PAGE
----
In recent years, horror has become a popular lens through which Black filmmakers examine the variety of experiences that exist within the Black diaspora. Most famously, there’s the work of Jordan Peele, but this subgenre also includes Remi Weekes’s His House, Misha Green’s adaptation of Lovecraft Country, and the Janelle Monae-starring Antebellum. The pinnacle was Get Out, which rode the concept to tremendous box office success and an Oscar for Best Original Screenplay in 2018, and there have also been egregious missteps like the campy Bad Hair. The latest entrant is Them: Covenant, recently released on Amazon Prime, an anthology series which chronicles the 10 days of terror a Black family experiences after moving from North Carolina to an all-white Compton, California neighborhood during the early 1950s. As the series progresses, supernatural events are sprinkled on top of the everyday racism the Emory family faces upon entering suburbia in pursuit of a better life.
Unfortunately, Them offers nothing new in terms of analysis beyond its fundamental idea—that racism is pervasive and horrifying—and the violence it deploys feels like compensation for its paper-thin story. The most discussed and most gratuitous scene involves a Black woman being raped by white attackers while her infant son is murdered. As creator Little Marvin, who co-wrote the episode, recently told the Los Angeles Times, the scene was included to illustrate how terrible racism is by way of pure shock. Going further means simply dialing up graphic violence that also includes a Black couple (one of whom is a pregnant woman) being blinded with a hot poker, hung upside down, and set on fire—to the delight of their assailants, which is lingered on. Even non-violent examples of racism, like redlining, are depicted in a shallow manner.
Them is executive produced by the writer-actress-producer Lena Waithe, and though it may not be her brainchild, her role has been prominently promoted. Furthermore, the series is rooted in the same misguided tropes that her work has leaned into. Queen & Slim, Waithe’s feature screenwriting debut, is filled with stunning imagery and succeeded at the box office, but failed to weave its unlikely love story, outlaw road flick, and meditation on racism and state-sanctioned violence together in a cogent manner. The film’s most infamous scene involves a Black teen who fatally shoots a Black cop during a protest. Per Waithe, it was inspired by the killing of 12-year-old Tamir Rice in 2014 by police who thought his toy gun was real; Rice’s mother, Samaria, later said she found the scene to be deeply hurtful. T Another scene involving a Black cop reinforces the flawed belief that issues with policing reflect the misconduct of a few bad apples rather than a dramatically flawed system. Overall, Queen & Slim is an example of misconceived “protest art” that surfaced in the wake of the Black Lives Matter movement with the patina of pro-Blackness, but no substance.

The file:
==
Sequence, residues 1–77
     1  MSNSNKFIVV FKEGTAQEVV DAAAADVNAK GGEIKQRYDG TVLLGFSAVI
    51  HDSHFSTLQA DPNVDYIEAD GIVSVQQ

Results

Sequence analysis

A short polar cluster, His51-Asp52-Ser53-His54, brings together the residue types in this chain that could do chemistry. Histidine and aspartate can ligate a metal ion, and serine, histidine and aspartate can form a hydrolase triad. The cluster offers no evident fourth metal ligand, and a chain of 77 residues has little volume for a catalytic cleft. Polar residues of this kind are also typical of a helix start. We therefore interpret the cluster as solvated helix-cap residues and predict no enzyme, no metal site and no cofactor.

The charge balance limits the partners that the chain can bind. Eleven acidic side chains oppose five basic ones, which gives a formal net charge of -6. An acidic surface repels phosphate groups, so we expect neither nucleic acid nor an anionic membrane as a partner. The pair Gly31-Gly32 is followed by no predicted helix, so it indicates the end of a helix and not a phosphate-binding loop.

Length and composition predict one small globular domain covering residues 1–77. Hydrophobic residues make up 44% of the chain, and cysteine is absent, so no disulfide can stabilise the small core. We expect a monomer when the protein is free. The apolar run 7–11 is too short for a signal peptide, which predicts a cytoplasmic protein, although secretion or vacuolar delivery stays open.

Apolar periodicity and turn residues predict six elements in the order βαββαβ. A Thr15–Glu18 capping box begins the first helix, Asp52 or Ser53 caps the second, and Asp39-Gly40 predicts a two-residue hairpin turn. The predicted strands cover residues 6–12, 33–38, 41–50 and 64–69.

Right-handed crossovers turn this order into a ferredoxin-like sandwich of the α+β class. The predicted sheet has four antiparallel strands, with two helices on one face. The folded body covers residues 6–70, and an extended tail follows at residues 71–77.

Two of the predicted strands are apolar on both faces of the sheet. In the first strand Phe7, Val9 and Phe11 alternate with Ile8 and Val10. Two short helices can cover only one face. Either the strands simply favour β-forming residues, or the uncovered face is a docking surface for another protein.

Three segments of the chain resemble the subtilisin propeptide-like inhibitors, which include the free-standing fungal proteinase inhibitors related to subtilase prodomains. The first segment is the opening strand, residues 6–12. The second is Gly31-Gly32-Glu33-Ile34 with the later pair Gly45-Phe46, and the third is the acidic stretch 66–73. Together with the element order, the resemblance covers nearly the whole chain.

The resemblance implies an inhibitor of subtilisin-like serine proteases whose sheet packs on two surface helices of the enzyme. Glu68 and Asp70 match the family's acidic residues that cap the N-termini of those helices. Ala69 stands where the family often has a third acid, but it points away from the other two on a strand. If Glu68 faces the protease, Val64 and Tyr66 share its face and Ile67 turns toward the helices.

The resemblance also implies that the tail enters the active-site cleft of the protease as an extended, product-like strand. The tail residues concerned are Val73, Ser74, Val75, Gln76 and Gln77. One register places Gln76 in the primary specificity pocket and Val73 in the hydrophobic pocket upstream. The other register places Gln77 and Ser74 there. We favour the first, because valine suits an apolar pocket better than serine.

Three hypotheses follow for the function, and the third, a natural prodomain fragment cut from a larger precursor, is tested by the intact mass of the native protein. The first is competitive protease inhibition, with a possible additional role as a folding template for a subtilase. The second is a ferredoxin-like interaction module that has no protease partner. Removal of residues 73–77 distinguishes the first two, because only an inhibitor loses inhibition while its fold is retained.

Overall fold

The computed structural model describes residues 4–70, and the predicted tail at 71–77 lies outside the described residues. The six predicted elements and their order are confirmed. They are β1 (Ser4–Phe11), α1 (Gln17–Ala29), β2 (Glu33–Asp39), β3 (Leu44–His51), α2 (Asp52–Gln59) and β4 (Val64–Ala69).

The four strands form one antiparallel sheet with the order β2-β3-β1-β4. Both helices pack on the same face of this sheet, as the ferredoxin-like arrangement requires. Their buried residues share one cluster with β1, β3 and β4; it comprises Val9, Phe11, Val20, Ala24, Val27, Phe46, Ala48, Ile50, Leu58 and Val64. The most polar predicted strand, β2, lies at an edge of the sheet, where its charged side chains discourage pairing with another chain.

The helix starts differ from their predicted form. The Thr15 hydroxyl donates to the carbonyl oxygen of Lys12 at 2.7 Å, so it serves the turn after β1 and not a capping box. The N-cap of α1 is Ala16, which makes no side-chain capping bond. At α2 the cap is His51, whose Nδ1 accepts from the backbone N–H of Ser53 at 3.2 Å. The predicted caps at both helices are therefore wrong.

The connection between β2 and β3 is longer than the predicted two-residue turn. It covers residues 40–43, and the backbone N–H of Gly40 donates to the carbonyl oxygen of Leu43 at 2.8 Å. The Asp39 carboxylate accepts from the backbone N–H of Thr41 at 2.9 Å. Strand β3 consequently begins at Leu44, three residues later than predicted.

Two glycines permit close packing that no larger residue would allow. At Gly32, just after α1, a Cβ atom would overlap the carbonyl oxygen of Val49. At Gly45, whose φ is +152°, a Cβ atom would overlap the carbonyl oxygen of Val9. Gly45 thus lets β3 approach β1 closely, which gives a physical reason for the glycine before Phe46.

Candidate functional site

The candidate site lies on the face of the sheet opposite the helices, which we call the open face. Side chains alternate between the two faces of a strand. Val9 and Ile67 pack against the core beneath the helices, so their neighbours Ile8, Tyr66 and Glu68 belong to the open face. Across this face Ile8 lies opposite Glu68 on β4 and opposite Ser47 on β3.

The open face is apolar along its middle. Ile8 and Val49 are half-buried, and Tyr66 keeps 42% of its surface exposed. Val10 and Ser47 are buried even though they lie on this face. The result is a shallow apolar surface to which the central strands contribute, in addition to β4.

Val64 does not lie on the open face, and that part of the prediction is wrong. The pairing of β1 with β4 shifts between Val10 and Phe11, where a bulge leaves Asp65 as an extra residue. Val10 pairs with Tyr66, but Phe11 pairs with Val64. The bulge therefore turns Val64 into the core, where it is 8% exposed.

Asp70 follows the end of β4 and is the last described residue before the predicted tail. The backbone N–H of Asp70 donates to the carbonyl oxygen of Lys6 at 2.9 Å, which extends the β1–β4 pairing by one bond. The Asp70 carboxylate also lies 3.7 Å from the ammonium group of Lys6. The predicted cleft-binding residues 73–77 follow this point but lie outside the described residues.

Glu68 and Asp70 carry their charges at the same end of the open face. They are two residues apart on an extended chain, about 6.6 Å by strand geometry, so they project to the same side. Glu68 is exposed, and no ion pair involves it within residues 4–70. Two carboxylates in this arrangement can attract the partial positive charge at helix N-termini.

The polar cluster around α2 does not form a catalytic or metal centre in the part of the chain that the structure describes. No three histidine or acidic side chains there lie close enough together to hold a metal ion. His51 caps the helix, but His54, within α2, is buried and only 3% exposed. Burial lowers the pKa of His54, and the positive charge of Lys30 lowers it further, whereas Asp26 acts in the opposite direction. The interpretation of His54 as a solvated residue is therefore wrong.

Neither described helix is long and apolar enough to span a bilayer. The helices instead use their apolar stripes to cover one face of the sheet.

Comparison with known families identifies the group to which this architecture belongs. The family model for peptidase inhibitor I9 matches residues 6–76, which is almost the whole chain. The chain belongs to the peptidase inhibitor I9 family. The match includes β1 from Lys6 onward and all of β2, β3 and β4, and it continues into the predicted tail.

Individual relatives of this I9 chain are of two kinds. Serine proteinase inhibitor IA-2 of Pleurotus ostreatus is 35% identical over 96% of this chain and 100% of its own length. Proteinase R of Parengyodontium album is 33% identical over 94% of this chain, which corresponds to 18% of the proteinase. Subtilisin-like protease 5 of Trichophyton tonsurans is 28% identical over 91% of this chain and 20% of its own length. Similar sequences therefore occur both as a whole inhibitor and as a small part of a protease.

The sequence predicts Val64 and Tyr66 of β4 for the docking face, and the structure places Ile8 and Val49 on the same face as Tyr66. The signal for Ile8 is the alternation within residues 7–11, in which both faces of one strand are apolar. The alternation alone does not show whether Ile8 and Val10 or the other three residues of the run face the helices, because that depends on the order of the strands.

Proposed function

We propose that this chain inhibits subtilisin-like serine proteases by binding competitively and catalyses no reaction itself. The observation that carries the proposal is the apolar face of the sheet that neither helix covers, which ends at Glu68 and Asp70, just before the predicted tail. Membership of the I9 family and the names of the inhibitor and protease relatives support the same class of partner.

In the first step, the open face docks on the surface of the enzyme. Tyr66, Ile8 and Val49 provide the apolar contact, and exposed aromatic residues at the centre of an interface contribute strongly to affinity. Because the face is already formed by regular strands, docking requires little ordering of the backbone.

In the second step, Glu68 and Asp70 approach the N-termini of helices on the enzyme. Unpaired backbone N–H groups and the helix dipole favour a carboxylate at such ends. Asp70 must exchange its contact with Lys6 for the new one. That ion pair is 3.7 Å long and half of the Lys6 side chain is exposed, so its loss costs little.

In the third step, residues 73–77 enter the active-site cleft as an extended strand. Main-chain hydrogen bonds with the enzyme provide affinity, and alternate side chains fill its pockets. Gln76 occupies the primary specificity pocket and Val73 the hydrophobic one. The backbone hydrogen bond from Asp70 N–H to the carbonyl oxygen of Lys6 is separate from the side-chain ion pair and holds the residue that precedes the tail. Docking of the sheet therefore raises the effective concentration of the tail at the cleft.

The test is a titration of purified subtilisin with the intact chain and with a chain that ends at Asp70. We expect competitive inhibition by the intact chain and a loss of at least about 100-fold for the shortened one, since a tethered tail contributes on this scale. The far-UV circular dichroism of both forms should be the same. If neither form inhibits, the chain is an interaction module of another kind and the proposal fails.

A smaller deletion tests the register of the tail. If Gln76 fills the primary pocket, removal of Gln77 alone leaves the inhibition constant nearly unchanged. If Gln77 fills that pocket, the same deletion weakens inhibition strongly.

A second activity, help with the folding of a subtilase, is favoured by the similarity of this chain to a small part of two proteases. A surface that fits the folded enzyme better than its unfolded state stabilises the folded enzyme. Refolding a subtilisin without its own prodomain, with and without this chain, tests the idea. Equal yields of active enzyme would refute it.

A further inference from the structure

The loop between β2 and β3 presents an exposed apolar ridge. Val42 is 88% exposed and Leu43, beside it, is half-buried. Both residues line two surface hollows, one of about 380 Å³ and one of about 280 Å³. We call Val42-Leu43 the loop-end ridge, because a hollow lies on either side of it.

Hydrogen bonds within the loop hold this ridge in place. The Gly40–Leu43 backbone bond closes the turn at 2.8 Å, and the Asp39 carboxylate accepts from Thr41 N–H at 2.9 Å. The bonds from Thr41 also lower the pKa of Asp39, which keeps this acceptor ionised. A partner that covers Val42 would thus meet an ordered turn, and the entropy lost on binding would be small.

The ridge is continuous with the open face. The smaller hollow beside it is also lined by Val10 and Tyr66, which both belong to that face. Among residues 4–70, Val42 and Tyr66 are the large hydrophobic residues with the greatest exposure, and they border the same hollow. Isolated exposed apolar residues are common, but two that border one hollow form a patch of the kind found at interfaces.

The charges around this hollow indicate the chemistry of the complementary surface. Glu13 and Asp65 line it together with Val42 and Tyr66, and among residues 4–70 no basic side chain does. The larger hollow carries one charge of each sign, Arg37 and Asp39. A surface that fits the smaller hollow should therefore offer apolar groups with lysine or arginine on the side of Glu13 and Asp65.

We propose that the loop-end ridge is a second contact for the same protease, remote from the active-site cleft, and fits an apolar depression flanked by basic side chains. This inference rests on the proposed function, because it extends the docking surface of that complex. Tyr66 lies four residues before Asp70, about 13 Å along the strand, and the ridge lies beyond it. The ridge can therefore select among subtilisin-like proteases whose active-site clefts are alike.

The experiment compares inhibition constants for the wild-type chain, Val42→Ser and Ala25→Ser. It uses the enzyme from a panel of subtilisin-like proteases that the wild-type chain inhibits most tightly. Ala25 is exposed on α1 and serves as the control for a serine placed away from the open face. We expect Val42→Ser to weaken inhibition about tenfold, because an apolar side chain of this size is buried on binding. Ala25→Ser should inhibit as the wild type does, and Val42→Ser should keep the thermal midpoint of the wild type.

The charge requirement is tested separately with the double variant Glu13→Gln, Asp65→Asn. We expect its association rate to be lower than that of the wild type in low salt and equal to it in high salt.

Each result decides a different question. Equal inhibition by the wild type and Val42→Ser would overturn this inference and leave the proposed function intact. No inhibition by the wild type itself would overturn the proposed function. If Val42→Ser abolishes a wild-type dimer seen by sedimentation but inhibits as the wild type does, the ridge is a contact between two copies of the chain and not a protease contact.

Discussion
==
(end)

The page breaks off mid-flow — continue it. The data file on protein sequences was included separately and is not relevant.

Waithe, along with Donald Glover, Issa Rae, and Ryan Coogler, to name a few, is part of a generation of Black creators who are beneficiaries of what filmmaker Mtume Gant described as the “Black Excellence Industrial Complex.” Since the mid-2010s, there has been an influx of opportunities for Black artists in Hollywood as the result of critical and commercial successes like Get Out, Moonlight, and Black Panther, as well as shows like Black-ish, Atlanta, and Insecure. Although each of the aforementioned creators have their blind spots, Waithe’s have been more detrimental to her credibility within her supposed target audience. She has scaled impossibly tall barriers to succeed in an insular and ruthless industry as a queer Black woman, but her reductive takes on Blackness and Black people’s experiences—combined with the misguided exceptionalism that looms over her work—are yet another reminder that representation alone is insufficient. Black audiences want more in terms of quality and responsibility.
Works like Them, Queen & Slim, and Antebellum highlight the important distinction between art that is defined by trauma and art that aims to unpack it. Conversely, works like Moonlight, If Beale Street Could Talk, I May Destroy You, and Watchmen dig deeper at a measured pace. They succeed by peeling back the layers, exploring their characters’ interiority, and building around the pain they ultimately endure. Their characters are imbued with complexities, giving them depth as the stories paint vivid pictures showing the ways in which they cope. In some instances, they dare to imagine paths forward—even in moments that are simultaneously beautiful and sad.
For gatekeepers who think perfunctory attempts to diversify Hollywood are enough, the critical response to art that falls short should offer a better idea of what Black audiences mean when they call for more in terms of storytelling: It’s about widening the aperture versus simply opening the door.